Recently—and very quietly—the state Public Education Department (PED) appears to have cut $3 million or more from a popular summer learning program for young children ages 5 to 8 set to begin next month. As a result, 6,100 fewer children across New Mexico will receive classroom instruction that is proven to narrow the achievement gap between low-income students and their peers, increase skills, and improve student test scores. The state-funded K–3 Plus initiative is innovative – and it works. PED’s decision to slash funding for it is morally wrong and should be reversed.
K–3 Plus extends the school year for children entering kindergarten through third grade by 25 instructional days beginning in the summer before school starts, in eligible schools. It means substantially more educational time for students in low-performing or high-poverty public elementary schools. Created under the Richardson administration, the positive benefits of this voluntary enrollment program for youngsters’ reading, writing and math skills have been recognized nationally.
Bill Soules is a Democratic member of the Senate from Las Cruces representing District 37.
Children from low-income homes—and New Mexico has many poor children—often start out behind when they enroll in kindergarten. The extra time in the classroom helps them catch up and close the achievement gap. In addition to levelling the playing field now, it also reduces the need and the cost for remediation in later grades.
Last summer, 21,149 children participated in the voluntary program. This year PED is allowing just 14,905 kids to enroll, even though K-3 Plus is in high demand among parents, students and teachers, and is enormously popular wherever it has been offered.
It is unclear why PED reduced the number of students allowed to participate so drastically. PED used its administrative power to impose a 30 percent reduction on the number of participating students, though the Legislature appropriated the exact same amount of funds during the 2017 legislative session as it did the previous year. PED has partially relied on the need to ensure cuts don’t happen to summer 2018 programs to justify some of the cuts to this summer’s program, but it doesn’t add up. Information provided by PED shows only a 4 percent reduction in summer 2017 awards compared with summer 2016 awards. Given the broad authority the department has to spend on many below-the line appropriations, it could have used funds appropriated for interventions and early literacy to ensure families have access to this successful program.
In Las Cruces 2,679 children enrolled and participated in K-3 Plus during the 2016 summer in 22 schools last year. The demand was huge. For summer 2017, PED initially told LCPS to enroll only 2,079 children, a large reduction. Now, PED has only authorized LCPS to serve 1,767 students – or 34 percent fewer kids than last summer, and only 18 schools were approved. LCPS is doing its best to hold the line to serve more kids by cutting out field trips, buses and technology.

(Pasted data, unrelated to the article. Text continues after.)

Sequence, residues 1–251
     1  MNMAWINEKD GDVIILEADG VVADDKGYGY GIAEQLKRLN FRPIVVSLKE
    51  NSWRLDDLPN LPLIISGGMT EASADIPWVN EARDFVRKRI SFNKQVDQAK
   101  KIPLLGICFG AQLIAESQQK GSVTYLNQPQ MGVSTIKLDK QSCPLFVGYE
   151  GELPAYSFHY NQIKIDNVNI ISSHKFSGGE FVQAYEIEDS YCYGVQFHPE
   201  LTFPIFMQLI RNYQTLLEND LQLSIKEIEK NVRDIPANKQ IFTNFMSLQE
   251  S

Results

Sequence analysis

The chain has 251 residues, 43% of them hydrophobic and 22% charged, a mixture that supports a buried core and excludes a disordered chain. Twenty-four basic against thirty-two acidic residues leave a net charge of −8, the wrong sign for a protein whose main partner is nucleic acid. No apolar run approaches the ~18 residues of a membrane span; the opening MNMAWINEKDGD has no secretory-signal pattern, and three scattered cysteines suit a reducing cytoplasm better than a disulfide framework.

Albuquerque will see 20 schools pushed out of the K-3 Plus summer learning program, with almost 2,000 fewer seats for students. The pattern is being replicated in communities across the state.
What will be the alternative to structured summer learning for many of these kids? Watching TV all day while eating junk food instead of a nutritious lunch? Many will be in unsafe and unsupervised environments. If it needs to be said again: New Mexico already ranks 50th in the nation in child well-being.
Parents who were planning to enroll their kids have only recently learned of the PED cuts. They are scrambling to find other options. The announcement also came after registration for many other free public programs had closed. Childcare costs up to $400 per week. How can most New Mexico families afford that?
A few years back as a district attorney, Gov. Susana Martinez wrote in a truancy project pamphlet: “Let’s make education a top priority in Dona Ana County by giving our youth the opportunities they deserve.” A governor who really cares about children or third graders’ ability to read would never stand for these cuts by her Education department.
Although recent—and outrageous—cuts to bilingual programs have received more media attention than K-3 summer learning cuts, residents should not overlook them.
Like so many of Gov. Martinez’s policy decisions, this one was taken with no advance consultation with parents, teachers or schools, nor discussions with any legislators who are keenly interested in public education. There is still time to fix this dreadful decision. Whether you are a parent or grandparent, or whether you simply care about the future generation of New Mexicans, call PED or Gov. Martinez herself and tell them to reverse these cuts to summer learning K-3 Plus.